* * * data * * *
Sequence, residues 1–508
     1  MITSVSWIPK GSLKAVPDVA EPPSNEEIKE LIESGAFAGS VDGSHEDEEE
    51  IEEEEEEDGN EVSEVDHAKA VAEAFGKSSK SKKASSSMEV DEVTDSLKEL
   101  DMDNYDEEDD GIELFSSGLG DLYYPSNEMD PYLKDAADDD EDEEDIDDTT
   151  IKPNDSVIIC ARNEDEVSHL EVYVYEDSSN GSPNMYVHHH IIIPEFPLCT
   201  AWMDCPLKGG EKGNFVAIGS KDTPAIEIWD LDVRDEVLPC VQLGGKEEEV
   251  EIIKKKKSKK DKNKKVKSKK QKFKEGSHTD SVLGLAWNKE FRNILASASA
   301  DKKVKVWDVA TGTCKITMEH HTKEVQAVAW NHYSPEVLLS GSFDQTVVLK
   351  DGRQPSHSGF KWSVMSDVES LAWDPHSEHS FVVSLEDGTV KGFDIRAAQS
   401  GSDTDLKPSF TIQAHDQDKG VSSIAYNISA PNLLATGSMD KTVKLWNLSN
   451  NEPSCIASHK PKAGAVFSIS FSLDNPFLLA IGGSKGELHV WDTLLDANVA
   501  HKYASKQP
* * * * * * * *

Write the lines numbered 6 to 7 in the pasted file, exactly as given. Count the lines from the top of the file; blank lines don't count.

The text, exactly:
   201  AWMDCPLKGG EKGNFVAIGS KDTPAIEIWD LDVRDEVLPC VQLGGKEEEV
   251  EIIKKKKSKK DKNKKVKSKK QKFKEGSHTD SVLGLAWNKE FRNILASASA